- Any derivative transaction entered into in connection with protection against or benefit from fluctuation in any rate or price and for calculating the value of any derivative transaction, only the market value of such transaction shall be taken into account
- Any counter-indemnity obligation in respect of a guarantee, indemnity, bond, documentary letter of credit or any other instrument issued by a bank or financial institution
- The amount of any liability in respect of any of the guarantee or indemnity for any of the items referred to in sub clauses (a) to (h) of this clause”, and the person to whom such debt is owed and or has been legally assigned is called a ‘Financial Creditor.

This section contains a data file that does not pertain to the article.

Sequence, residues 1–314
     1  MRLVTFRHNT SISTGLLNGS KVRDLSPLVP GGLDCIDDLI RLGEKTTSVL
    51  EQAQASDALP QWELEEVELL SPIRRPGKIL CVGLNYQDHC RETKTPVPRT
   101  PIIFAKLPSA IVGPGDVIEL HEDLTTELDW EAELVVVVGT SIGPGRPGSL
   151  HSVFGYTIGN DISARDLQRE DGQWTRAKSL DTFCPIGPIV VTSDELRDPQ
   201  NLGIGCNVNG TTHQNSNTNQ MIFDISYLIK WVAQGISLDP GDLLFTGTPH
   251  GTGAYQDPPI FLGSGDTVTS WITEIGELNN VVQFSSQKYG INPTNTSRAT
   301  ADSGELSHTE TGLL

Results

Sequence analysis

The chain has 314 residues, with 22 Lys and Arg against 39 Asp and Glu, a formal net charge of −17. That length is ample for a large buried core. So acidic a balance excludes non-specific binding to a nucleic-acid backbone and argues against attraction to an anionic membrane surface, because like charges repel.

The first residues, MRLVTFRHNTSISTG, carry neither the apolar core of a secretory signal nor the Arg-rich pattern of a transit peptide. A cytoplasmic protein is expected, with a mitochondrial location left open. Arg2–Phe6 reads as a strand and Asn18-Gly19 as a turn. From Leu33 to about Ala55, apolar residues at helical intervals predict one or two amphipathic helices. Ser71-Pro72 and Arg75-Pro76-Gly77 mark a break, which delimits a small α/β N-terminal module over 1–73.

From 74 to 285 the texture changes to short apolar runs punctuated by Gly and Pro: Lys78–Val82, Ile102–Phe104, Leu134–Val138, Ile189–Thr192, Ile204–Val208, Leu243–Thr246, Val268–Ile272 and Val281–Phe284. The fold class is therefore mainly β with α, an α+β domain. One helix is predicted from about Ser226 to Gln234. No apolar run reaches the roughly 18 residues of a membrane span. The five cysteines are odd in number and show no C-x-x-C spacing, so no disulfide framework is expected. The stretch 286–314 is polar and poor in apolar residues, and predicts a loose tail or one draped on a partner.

Further, the ‘Operational Debt’ means “a claim in respect of the provisions of goods or services including employment or a debt in respect of the repayment of dues arising under any law for the time being in force and payable to the Central Government, any State Government or any local authority” and “any person to whom an operational debt is owed and includes any person to whom such debt has been legally assigned or transferred” is identified as an operational creditor.
What differentiates the two class of Creditors?